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Finance and Public Administration Legislation Committee
28/02/2017
Estimates
FINANCE PORTFOLIO
ASC Pty Ltd

ASC Pty Ltd

[09:03]

CHAIR: Officers are requested to keep opening statements brief or to seek to incorporate longer statements into Hansard. I welcome the Minister for Finance, Senator the Hon. Matthias Cormann; Ms Rosemary Huxtable, Secretary of the Department of Finance; Mr Stuart Whiley, interim Chief Executive Officer of ASC Pty Ltd; Mr Mark Lamarre, Chief Executive Officer, ASC Shipbuilding; and officers. Minister, do you wish to make an opening statement?

Senator Cormann: No, thank you.

CHAIR: Ms Huxtable, do you wish to make an opening statement?

Ms Huxtable : No, thank you.

CHAIR: Mr Whiley, do you wish to make an opening statement?

Mr Whiley : No, thank you.

CHAIR: Mr Lamarre, do you wish to make an opening statement?

Mr Lamarre : No, thank you.

Senator GALLACHER: Mr Lamarre, can we go to some questions and some evidence you gave? On 18 October 2016 you stated:

… we currently stand at a total of 1,772 for shipbuilding for employees, contractors and subcontractors …

Subsequently you said:

… we have 1,310 permanent employees and 462 contractors …

That was the evidence you gave on 18 October 2016, yet in response to questions on notice you stated as at 1 October 2015 you had 1,366 permanent and 457 contractors and subcontractors for a total of 1,823, then as at 1 October 2016 you had 1,195 permanent and 355 contractors and subcontractors for a total of 1,550, which is at variance with the evidence you gave before the committee.

Mr Lamarre : That is correct. I queried that this morning and was told by my staff that the apprentices were not in that 1,195 number, nor were what was one of our major subcontractors, who deal with blast and paint. So that is the difference in numbers. What I gave you in evidence was the full group.

Senator GALLACHER: So 1,772 is correct if you include a contractor you omitted and the apprentices.

Mr Lamarre : That is correct. That is what I have been advised this morning.

Senator GALLACHER: And the correct answer to the question on notice is they have actually gone to permanent and subcontractors, so they have excluded apprentices and this other contractor?

Mr Lamarre : Apprentices and one of our major subcontractors is what I was advised.

Senator GALLACHER: Who is the other contractor that was excluded?

Mr Lamarre : We have a blast and paint contractor on site that has more than 100 employees and fluctuates between 100 and 200 employees. The name escapes me at the moment.

Senator GALLACHER: They are on site, so they are there every day?

Mr Lamarre : They are there every day. They are in the contract to provide services for staging and blast and paint and are managed by our purchasing subcontract group. Transfield is the name of the company.

Senator GALLACHER: So, if we follow up with a question of what the current number of permanent employees, including apprentices, what have we got today?

Mr Lamarre : The answer would be 1,231.

Senator GALLACHER: That is including apprentices?

Mr Lamarre : That is right.

Senator GALLACHER: And what is the current number of contractors and subcontractors, including this—

Mr Lamarre : Three hundred and thirty-eight.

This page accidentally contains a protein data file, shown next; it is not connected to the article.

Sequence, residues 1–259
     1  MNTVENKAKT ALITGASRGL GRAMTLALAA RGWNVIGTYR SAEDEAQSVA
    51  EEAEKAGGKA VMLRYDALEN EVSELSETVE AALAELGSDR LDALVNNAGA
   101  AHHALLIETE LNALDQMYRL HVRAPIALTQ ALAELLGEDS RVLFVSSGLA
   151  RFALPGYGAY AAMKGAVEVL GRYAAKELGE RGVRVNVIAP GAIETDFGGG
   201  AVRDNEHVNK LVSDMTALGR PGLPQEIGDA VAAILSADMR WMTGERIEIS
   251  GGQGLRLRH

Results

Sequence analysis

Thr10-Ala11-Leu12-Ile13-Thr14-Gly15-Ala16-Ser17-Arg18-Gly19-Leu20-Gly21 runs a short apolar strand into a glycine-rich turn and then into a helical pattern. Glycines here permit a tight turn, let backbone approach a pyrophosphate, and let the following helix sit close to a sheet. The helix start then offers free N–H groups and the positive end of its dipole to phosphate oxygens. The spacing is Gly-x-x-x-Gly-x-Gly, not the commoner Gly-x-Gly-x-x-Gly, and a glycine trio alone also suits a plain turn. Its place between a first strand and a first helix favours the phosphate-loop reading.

Senator GALLACHER: In relation to workforce planning, what is happening here? Are you planning to reduce apprentices or reduce contractors? Have you got work for everybody that is there? What does the current shape of things look like?

Mr Lamarre : As I have provided in evidence prior, the only work that we have under contract is the AWD program for shipbuilding, and so we will be on a steady decline certainly through 2017 and then until we can secure more work with the offshore patrol vessel contract.

Senator GALLACHER: To ask a question about apprentices: are you able to place them elsewhere? What are you going to do with your apprentice workforce?

Mr Lamarre : As routine, any time that we make a reduction in the workforce, the first thing that we do is work with our sister company in both South Australia and Western Australia to see if there are opportunities there. As a general rule, I would say that the apprentices would, depending on their performance on the job, be among our top employees and be the folks that we retain as we downsize as best as we can. So we will be distilling down, as I mentioned before, to our most experienced apprentices as well as the test and activation folks, for example, who operate our equipment for the ships. That is another example of the types of skills that we want to retain. Similar to apprentices, our test and activation employees have worked their way up through the ranks from the simplest work in their trade to the most complex, and so that would be a natural part of our strategy going forward.

Senator GALLACHER: How many are apprentices out of the 1,231 in total?

Mr Lamarre : I would have to get back with you.

Senator GALLACHER: Can someone supply that? No-one in the room knows the figure?

Senator Cormann: We have taken it on notice.

Senator GALLACHER: Thank you, Minister. You are in a good mood this morning. You forgot to tell us last time; I was just curious if anybody knew how many apprentices you actually had. What is the current status of the workforce planning in relation to apprentices, permanents and contractors? Do you have a schedule which says, 'Our work will run out and we'll need to reduce 10 here, 20 there'?

Mr Lamarre : As I have mentioned before, the job requirements fluctuate, depending on the demands of the program and depending on some of the decisions that are made with myself and the Alliance Partners with respect to how we want to treat schedule and what kind of potential challenges we want to place on the program.

Senator GALLACHER: I got all that. I know that the work is variable.